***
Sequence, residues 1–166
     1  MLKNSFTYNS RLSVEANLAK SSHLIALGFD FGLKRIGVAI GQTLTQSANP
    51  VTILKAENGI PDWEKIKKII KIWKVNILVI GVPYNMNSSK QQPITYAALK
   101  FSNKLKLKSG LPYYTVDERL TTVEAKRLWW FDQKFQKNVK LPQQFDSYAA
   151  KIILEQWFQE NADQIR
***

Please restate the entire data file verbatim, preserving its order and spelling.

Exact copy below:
Sequence, residues 1–166
     1  MLKNSFTYNS RLSVEANLAK SSHLIALGFD FGLKRIGVAI GQTLTQSANP
    51  VTILKAENGI PDWEKIKKII KIWKVNILVI GVPYNMNSSK QQPITYAALK
   101  FSNKLKLKSG LPYYTVDERL TTVEAKRLWW FDQKFQKNVK LPQQFDSYAA
   151  KIILEQWFQE NADQIR